So you can *finally* get off the toilet. 

By Leah Groth
November 01, 2019

In a perfect world, everyone's poops would pop out resembling a smooth, soft sausage and snake around the toilet bowl (you know, according to the famous Bristol Stool Chart).

But the world isn't perfect—and neither are your poops. Of course, you already knew that; a quick look in the toilet on any given day and you can see a variety of shapes, colors, and consistencies—the most undesirable of which? Diarrhea. 

Yes, when your poop looks more liquid than solid, it could be for a number of reasons, like bacteria growing in your gut or something you ate the night before just not agreeing with you. That, unfortunately, makes it hard to diagnose. 

“Diarrhea can often be challenging to even define,” Amir Masoud, MD, a gastroenterologist at Yale Medicine, tells Health. “Some people regard a change in stool consistency to mean that they have diarrhea when the actual medical diagnosis depends on the frequency of stool.” (According to the US National Library of Medicine, you have diarrhea if you have loose stools three or more times in one day.)

RELATED: Why Does Poop Smell? Doctors Weigh In

Dr. Masoud points out that most cases of loose stool are self-limiting and that they stop spontaneously. However, others can point to an infection or inflammation. “Worrisome causes should always be considered and ruled out but are usually accompanied by other alarming features,” he adds. The most common of these is blood in the stool. Other associated symptoms to look out for are fevers/chills, abdominal pain, tenesmus (aka, the constant feeling like you have to go poop), mucous in stool, or weight loss. In the case of infections, most are viral—and even most bacterial cases resolve without the need for treatment.

But if nothing else seems off and you think you just have a bad case of diarrhea, there are a few treatments—both medication and home remedies—that may help stop the flow. Here, gastroenterologists weigh in on their favorite ways to stop diarrhea—fast. 

1. Try some over-the-counter medications. 

If you are suffering from run-of-the-mill diarrhea and there are no obvious concerning findings or complaints, you might want to try heading to the drug store for some over-the-counter relief. “Some simple strategies can help reduce the discomfort associated with loose stool or diarrhea,” says Dr. Masoud.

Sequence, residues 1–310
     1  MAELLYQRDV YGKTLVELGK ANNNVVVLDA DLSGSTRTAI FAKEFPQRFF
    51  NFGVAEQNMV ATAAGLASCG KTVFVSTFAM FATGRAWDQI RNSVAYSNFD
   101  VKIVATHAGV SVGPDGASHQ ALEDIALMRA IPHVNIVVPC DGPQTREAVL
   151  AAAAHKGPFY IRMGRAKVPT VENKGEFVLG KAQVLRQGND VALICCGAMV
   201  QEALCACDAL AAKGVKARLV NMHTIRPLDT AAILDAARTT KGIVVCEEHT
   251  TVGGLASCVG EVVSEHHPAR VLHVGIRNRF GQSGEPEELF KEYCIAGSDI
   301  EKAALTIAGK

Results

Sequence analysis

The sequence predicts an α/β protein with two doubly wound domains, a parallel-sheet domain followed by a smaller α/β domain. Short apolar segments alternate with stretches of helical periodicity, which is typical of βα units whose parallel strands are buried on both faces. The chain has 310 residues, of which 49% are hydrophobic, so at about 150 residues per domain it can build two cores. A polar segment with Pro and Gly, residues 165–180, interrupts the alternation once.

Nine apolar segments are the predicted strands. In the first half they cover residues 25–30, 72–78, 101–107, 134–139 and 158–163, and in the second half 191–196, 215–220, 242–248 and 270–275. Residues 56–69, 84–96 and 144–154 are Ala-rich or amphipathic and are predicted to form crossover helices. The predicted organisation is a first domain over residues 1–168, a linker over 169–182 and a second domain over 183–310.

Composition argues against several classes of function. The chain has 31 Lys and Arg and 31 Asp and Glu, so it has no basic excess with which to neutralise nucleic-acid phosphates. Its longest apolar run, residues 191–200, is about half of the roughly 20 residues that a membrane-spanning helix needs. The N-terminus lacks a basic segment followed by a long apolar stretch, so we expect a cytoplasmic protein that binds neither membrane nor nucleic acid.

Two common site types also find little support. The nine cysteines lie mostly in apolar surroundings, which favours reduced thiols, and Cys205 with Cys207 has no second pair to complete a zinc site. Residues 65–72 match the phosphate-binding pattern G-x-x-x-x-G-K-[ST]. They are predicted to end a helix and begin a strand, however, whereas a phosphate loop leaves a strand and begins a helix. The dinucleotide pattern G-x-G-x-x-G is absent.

He suggests over the counter remedies such as pink bismuth (Pepto Bismol) and medications such as loperamide (Imodium). “They may useful in reducing the frequency of stool and may relieve cramping,” he says.

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2. Follow the BRAT diet...

Remember mom’s remedy for all your childhood tummy aches? The BRAT diet—an acronym standing for bananas, rice, applesauce and toast —is an old dietary go-to that has sustained the test of time. “Dietary strategies are aimed at bowel rest and therefore following a bland diet can be helpful,” says Dr. Masoud.

3. ...Or at least skip dairy and fried foods for a while. 

If you aren’t willing go hardcore BRAT, staying away from dairy—except probiotic-rich yogurt—and heavy fatty foods is almost always a useful strategy, offer Dr. Masoud.

RELATED: How Often Should You Poop a Week? A Doctor Weighs In

4. Drink your water. 

One of the most important tactics with diarrhea is making hydration a priority, points out Rachel Franklin, MD, Medical Director, OU Physicians Family Medicine, in Oklahoma; that's because having diarrhea can be extremely dehydrating

Consume as much fluid as you can, but avoid dehydrating beverages with sugar, caffeine, alcohol, or prunes—all of which can have a laxative effect and make your bathroom habits worse. 

5. Gulp down a sports drink

Most people think of Gatorade as a sports beverage, as it replenishes electrolytes after a workout, helping restore hydration. It works the same way when you have diarrhea. “If the volume and frequency of watery stool is significant, steps must be taken to avoid dehydration,” Dr. Masoud explains. “The most important thing to remember is that with fluid losses also come electrolyte depletion.”

RELATED: Why Does It Hurt When I Poop—and What Can I Do About It?

6. Snack on saltines. 

In addition to drinking a sports drink, Dr. Masoud suggests munching on a mildly salty crackers. “Saltines are a good choice given the low residue and salt content,” he says. Of course, he warns that if you have high blood pressure or on a salt restricted diet, you should do this in moderation.

7. Consider a probiotic or other good bacteria. 

Since diarrhea often involves a whole lot of bad bacteria in your gut, replacing it with good bacteria can be beneficial, according to Dr. Masoud. “Some probiotics have been shown to be helpful in certain cases with the two most studied being lactobacillus and saccharomyces boulardii,” he says.

But it's not just drugstore probiotics—adding good bacteria and probiotic rich foods like yogurt and sauerkraut can also help inspire balance in your sour stomach.

Still, if your symptoms are severe (i.e., more than five or six watery bowel movements a day, and last more than two days), Dr. Masoud urges you to call your physician ASAP. Any cases with blood in stool or fever should be evaluated without delay.“In general it is important to never minimize or brush off symptoms," he says. "It's never a bad idea to contact your primary care physician for direction if you develop a change in your bowel habits."

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